When the jam occurs during the set state of the flip-flop Q.sub.15 (JAM 1), the flip-flop Q.sub.19 is set by the jam signal JAM through the gates G30 and G32 so that the clutch for the cassette roll is activated through the gate G34. The main motor continues to run through the gate G26. The main motor and the cassette roll continue to rotate while the counter Q.sub.17 triggered through the gate G30 counts the predetermined number of pulses and then stop rotating and waits for the completion of the jam process. The pulse count of the counter Q.sub.17 corresponds to a time period required for the rotation of the cassette roll from the position stored by the cassette roll rotation position storing flip-flop Q.sub.15, that is, the position of the section B of FIG. 4-2 to the initial position of the cassette roll, that is, the position of the section A . Since the flip-flop Q.sub.16 is set to allow the rotation by the counter Q.sub.18 as shown in FIG. 10, the count of the counter Q.sub.17 may be the count of the counter Q.sub.18.

When the jam occurs during the set state of the flip-flop Q.sub.16 (JAM 2), the flip-flop Q.sub.19 is set through the gates G31 and G32, and the main motor and the cassette roll continue to rotate while the counter Q.sub.18 counts the predetermined number of pulses. The pulse count of the counter Q.sub.18 corresponds to a time period required for the rotation of the cassette roll from the position stored in the cassette roll rotation position storing flip-flop Q.sub.16, that is, the position of the section C in FIG. 4-2 to the intial position of the cassette roll, that is, the position of the section A .

If the cassette roll is at the position of the section D in FIG. 4-2, the flip-flop Q.sub.4 has naturally been set and hence the cassette roll continues to rotate until the end of the count by the counter Q.sub.11, that is, until the cassette roll returns to the position of the section A . If the flip-flop Q.sub.4 is to be reset by the jam detection, it is advisable to reset the flip-flop Q.sub.16 by the next CPB signal. As a result, the casette roll is forceably rotated to return to the position of the section A .

Since the flip-flop Q.sub.3 for controlling the clutch for the registration roll 17 is reset upon the occurrence of the jam, the sheet is not fed into the machine even if the sheet is fed by the return rotation of the roll 13.

If the manually inserted sheet jams, the main motor and all of the clutches are immediately deactivated because the flip-flop Q.sub.4 is in the reset state and the jam process begins. When the roll 14 is similar to the roll 13, the above technique may be used.

According to the present invention, when the jam occurs, the cassette roll, wherever it is, continues to rotate for an appropriate time period to return to the initial position to be ready for the stable restart after the jam condition has been cleared.

Since the sheet is forceably moved from the cassette to the vicinity of the regist roll when the jam has occurred, the jam process is facilitated.

The JAM 1 occurs when the preceding paper has not reached the sheet sensor 63 in a first predetermined time period and the JAM 2 occurs when a small size paper is not ejected and passed through the sensor 63 in a second predetermined time period after the arrival at the sensor 63. The JAM 3 occurs when a large size paper is not ejected. Where a sensor for sensing the misfeed is positioned between the feed roll 13 and the registration roll 17, the misfeed may be the JAM 1 of the sheet being fed. By stopping the belt 19, the rolls 21 and 201 and the fixing heater are stopped upon the detection of the jam, and a further jam condition is prevented. In the case of the misfeed, it is advantageous to continue the operations of those elements in order to allow the ejection of the paper.

In case of a trouble during the copy operation which causes the power to be turned off to suspend the machine operation, such as the break of the exposure lamp or the break of the forward or backward clutch, the JAM signal is produced upon detection of such a condition to effect the return control and the paper feed control.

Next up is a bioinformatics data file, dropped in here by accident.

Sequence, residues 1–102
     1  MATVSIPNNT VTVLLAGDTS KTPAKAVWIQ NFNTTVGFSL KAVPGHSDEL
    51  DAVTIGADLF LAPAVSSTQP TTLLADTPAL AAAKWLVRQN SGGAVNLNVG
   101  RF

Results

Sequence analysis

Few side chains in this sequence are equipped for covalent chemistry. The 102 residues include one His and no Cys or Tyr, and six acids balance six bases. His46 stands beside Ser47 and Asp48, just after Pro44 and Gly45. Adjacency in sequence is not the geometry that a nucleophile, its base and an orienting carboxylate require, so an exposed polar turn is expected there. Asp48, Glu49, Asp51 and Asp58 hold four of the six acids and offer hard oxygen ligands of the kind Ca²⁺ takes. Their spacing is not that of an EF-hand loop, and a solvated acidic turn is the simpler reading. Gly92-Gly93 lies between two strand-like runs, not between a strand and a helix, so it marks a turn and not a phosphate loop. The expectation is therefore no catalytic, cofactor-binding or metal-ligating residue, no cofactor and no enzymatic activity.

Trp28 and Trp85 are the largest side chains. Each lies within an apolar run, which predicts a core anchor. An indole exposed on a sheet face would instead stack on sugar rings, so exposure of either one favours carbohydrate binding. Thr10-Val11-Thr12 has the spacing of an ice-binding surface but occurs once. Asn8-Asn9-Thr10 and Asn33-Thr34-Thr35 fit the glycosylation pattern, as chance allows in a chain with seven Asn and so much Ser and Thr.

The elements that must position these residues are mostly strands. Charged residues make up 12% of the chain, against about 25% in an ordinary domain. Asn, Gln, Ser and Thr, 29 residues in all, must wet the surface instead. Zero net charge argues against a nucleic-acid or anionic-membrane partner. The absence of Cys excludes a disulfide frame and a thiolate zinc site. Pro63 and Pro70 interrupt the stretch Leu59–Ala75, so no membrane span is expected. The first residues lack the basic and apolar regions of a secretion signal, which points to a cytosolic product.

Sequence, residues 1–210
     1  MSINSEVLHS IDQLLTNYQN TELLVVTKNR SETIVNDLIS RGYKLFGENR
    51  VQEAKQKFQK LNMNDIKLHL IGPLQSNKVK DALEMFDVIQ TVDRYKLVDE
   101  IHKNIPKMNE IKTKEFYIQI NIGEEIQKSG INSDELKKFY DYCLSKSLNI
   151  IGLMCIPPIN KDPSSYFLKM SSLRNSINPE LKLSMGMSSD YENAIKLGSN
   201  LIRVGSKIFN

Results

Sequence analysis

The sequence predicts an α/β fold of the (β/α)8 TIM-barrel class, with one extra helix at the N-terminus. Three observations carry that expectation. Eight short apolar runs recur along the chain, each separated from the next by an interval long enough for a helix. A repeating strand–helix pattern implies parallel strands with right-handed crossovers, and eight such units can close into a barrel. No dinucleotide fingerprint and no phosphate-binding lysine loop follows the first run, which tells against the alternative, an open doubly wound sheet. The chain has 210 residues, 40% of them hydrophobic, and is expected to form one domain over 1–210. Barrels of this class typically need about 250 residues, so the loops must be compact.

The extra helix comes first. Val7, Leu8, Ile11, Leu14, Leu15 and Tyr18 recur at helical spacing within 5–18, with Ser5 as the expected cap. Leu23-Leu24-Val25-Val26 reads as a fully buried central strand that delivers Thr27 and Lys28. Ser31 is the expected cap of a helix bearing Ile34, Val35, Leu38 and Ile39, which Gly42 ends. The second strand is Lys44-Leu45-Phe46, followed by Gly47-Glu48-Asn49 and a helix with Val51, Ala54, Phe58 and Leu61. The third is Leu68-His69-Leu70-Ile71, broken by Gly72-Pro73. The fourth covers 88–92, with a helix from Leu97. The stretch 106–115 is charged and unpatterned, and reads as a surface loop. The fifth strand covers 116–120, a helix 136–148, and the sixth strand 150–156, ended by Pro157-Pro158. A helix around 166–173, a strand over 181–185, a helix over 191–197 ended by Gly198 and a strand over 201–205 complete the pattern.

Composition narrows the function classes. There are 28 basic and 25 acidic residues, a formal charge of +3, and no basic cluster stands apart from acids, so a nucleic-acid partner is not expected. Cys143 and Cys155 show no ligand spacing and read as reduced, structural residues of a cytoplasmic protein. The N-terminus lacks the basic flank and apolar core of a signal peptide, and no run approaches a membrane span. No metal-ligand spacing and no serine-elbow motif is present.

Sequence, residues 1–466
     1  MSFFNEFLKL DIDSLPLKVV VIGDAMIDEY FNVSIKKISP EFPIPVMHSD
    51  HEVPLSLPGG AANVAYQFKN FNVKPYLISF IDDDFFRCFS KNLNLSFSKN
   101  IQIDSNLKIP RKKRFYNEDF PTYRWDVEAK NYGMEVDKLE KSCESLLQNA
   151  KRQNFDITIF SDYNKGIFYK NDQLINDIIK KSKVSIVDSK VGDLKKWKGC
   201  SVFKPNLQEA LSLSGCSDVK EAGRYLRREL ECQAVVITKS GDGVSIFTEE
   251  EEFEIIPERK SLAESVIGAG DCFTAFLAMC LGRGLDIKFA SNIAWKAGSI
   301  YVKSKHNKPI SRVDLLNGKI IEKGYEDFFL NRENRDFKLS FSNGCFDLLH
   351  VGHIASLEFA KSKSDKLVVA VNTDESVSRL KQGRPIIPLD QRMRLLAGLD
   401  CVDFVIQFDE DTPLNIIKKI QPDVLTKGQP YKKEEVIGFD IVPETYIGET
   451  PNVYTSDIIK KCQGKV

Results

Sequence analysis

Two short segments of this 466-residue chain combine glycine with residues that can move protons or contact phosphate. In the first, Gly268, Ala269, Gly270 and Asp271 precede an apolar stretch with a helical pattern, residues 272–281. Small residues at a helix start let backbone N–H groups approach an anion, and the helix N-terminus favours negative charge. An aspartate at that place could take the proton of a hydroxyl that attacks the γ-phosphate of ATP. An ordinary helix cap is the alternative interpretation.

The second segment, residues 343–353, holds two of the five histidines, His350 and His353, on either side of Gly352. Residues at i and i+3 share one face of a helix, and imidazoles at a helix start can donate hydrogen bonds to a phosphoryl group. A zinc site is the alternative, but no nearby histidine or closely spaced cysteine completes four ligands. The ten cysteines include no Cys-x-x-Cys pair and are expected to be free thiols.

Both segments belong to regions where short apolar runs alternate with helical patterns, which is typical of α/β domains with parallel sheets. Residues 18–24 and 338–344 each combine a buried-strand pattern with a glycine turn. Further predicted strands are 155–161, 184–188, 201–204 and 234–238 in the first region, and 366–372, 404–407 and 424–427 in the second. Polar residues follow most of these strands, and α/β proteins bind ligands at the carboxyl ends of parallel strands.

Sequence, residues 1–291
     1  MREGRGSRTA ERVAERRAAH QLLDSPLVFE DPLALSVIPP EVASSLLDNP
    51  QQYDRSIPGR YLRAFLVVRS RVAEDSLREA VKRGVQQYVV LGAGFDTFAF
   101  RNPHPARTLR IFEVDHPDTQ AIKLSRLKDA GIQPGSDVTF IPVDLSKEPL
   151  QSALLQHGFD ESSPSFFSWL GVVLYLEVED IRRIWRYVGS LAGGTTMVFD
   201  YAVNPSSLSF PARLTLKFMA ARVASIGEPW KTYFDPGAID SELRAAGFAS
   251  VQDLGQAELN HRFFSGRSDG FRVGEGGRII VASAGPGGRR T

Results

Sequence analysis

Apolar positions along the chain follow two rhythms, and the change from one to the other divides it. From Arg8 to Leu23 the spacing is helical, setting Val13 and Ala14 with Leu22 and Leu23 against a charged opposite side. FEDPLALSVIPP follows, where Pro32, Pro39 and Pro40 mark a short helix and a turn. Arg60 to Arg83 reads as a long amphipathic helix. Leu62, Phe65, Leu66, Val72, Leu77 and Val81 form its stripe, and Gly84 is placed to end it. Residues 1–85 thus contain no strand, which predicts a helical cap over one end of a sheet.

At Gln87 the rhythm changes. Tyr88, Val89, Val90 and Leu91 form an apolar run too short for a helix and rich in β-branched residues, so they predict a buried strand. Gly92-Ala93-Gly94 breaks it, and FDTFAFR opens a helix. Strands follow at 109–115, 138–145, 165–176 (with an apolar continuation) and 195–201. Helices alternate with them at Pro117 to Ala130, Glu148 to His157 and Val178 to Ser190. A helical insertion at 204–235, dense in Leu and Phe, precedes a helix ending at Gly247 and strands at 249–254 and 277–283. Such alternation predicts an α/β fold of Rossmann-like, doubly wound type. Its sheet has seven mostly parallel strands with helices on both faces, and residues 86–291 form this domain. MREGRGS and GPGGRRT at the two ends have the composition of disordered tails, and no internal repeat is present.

Where the machine operation is suspended during the copy operation by inadvertently turning off the main switch, the same process may be carried out.

While the flip-flops are used to store the rotation positions in the illustrated embodiment, it may be possible to use a counter which counts the clock pulses CLK from the start of the rotation of the roll 13 and continues to count even after the stop of the rotation and decides the rotation time period and the number of revolutions after the jam in accordance with the count at the time when the jam is detected.

Alternatively, the signals to the rolls 13 and 17 and the clutches FWCl and BWCl may be blocked by the signal JAM upon the detection of the jam and the paper feed operation may be carried out after the jam process. This can be attained by producing a signal equivalent to the signal JAM when the jam reset switch is turned on to allow the copy operation before the copy start button is depressed or when the door of the copying machine is closed. In this case, means must be provided to keep the power supply of the circuit of FIG. 7-1 on when the door is opened, or the power supply for the flip-flops Q.sub.15 and Q.sub.16 must be backed up or the flip-flops Q.sub.15 and Q.sub.16 must be constructed by non-volatile memories in ROM.

The present invention may be used as a safety device for the interruption of the operation of the paper feed device whether it is the semi-circular roll or not, by an external condition. The increase of the trouble due to the jam can be prevented by the above process for not only the separation means for the cassette but also for the registration roll immediately forward of the transfer station or the intermediate registration roll, or other process movable members.

The present invention is very effective to the movable member which has no position sensor and is to be returned to a proper position for restart. In one example, a distance of movement of the text table in the normal scan state or the jam state is determined from the distance of the scan movement of the text table and a return distance of the text table is determined from the above distance of movement to carry out the return of the text table. In another example, the position of a latent image or a visible image formed on a seamless photosensitive drum is determined from the amount of rotation of the drum from the start of the rotation and a paper feed timing for the restart after the suspension is determined from the amount of the rotation to transfer the image.

The present invention is effective to not only the copying machine but also to an apparatus having a process movable member.